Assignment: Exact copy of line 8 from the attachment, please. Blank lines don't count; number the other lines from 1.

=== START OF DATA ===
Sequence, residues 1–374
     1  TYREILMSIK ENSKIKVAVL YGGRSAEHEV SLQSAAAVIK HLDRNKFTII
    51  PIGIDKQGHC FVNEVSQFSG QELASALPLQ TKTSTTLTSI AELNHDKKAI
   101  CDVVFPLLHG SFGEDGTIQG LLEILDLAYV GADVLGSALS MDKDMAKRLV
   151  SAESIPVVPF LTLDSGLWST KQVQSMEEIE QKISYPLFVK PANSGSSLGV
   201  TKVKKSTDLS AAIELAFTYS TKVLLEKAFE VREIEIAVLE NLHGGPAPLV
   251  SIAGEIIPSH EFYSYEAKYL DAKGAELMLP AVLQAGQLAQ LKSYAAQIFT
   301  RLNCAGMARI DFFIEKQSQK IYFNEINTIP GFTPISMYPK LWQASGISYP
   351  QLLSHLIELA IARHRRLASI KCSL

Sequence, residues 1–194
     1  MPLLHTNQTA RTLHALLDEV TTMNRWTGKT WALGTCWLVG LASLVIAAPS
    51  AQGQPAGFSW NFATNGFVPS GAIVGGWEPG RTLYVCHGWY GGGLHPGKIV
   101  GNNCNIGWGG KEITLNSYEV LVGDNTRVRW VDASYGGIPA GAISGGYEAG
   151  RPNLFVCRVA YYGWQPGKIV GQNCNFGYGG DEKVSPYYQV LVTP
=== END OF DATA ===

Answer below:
   301  RLNCAGMARI DFFIEKQSQK IYFNEINTIP GFTPISMYPK LWQASGISYP